Review: by Kilian Rose Oud — 4.0 points

At first sniff, Rose Oud (by Kilian, 2010) was evident in its treatment of rose in the oriental style, and I was ready to label it as ‘a plump rose wrapped decently in balsamic notes’. This is because a fragrance of this style, which is a Western imagination of Middle Eastern perfumery, is a dime a dozen. Off the top of my head I can recall Portrait of A Lady (Frédéric Malle, 2009) and Sa Majesté la Rose (Serge Lutens, 2000), two excellent compositions that set the bar for this genre. Yet, I felt compelled to revisit Rose Oud time and again.

Initially, it was not obvious to me why I kept coming back to this simple rose-oud pairing, but as I continued to wear it, the nuances and facets that lend Rose Oud its distinction became more discernible. I realised then that I regularly returned to it because, like any interesting compositions, it creates a personal fantasy. And funnily enough, Rose Oud conjures for me the delectable Viennese confection, Sachertorte, which is a chocolate cake soaked in tart apricot jam and glazed with a dark couverture. I particularly revel in the opulent contrast between a sumptuous rose and a plush oud accord, as it has the allure of bright jam juxtaposed with dusky chocolate.

demel

Just as the bright notes of apricot lift up the hefty Viennese chocolate confection, the subtle embellishments add dimensions and depths to the rose accord. A hint of cardamom and cinnamon imparts a bright champagne-like effervescence. The overtone of ripe raspberry and musky violet confers jammy sweetness. An encounter with its scintillating rose feels like the very first bite into a moist piece of Sachertorte in which the glowing apricot note primes the palate for the ambrosial chocolate to come.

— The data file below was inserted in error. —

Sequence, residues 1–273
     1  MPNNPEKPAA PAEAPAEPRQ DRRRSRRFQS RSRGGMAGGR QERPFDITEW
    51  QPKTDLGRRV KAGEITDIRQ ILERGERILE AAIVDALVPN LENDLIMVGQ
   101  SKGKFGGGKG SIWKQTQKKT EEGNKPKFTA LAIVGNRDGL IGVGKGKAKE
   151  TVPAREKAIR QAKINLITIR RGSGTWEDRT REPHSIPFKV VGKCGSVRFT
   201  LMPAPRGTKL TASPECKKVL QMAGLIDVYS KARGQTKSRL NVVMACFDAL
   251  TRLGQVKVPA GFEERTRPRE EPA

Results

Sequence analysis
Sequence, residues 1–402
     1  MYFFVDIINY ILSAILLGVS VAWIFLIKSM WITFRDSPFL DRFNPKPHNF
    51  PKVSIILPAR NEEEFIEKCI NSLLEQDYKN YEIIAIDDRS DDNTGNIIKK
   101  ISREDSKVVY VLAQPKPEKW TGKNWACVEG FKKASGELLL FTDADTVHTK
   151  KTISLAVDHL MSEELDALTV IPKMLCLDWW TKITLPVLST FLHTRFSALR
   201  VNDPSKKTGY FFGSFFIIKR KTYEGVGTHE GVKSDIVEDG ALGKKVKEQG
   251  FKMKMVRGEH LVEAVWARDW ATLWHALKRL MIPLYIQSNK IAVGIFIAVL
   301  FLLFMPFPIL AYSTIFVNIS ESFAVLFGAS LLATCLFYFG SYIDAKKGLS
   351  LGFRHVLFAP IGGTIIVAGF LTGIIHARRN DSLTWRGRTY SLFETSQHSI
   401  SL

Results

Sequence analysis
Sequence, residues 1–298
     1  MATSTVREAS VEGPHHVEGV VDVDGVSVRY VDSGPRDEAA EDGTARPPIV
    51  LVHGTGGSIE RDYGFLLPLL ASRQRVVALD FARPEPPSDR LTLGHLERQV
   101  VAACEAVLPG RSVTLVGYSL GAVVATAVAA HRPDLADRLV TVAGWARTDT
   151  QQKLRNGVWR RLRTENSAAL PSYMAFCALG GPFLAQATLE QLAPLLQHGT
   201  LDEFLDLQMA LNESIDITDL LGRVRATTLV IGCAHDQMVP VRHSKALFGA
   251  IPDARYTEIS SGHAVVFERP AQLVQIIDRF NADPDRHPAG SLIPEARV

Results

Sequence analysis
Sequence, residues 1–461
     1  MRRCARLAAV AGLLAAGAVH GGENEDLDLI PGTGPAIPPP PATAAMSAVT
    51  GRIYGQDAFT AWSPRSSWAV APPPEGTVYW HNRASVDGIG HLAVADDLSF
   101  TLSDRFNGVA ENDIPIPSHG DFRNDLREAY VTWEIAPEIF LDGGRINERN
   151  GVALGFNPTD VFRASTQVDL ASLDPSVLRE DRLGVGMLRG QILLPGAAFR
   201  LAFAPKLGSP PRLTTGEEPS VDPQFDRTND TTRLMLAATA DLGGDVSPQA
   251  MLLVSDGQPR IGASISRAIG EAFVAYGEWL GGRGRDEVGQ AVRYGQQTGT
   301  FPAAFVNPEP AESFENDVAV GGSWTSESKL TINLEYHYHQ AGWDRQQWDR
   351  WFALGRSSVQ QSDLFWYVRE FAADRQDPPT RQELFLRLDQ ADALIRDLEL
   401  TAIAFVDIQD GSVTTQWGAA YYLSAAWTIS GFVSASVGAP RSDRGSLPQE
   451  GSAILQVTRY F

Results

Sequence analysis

The underpinning oud accord is just as faceted as the complex notes of grand cru cocoa. From the suede note of saffron set against smoky woods to the animalic and vanillic accent peeking through, the accord possesses the same alluring inky edge of biter chocolate.

Perfumer Calice Becker, who crafted Rose Oud, is a mistress of disguise. The ostensibly simple composition belies its sublime layers. The dialogue between rose and oud remains focused throughout, with its shades and strata effectively lending polish. And whereas most oriental roses tend to have enough strength and diffusive power to perfume a dessert, this one explores the nuanced intimacy of rose and dark woods.

With its rich hues and accents secreted behind an unadorned pairing, Rose Oud possesses a certain je ne sais quoi that makes it seductive. This is all the more so with its impressive tenacity. Fans of this style will cherish the sterling essences and olfactory subtleties. Even if you find this style to be ubiquitous, at least give it a try and see whether it ignites a personal fantasy, like it does for me. Now, where is that recipe of Sachertorte?

Source: K.u.K. Hofzuckerbäcker Demel

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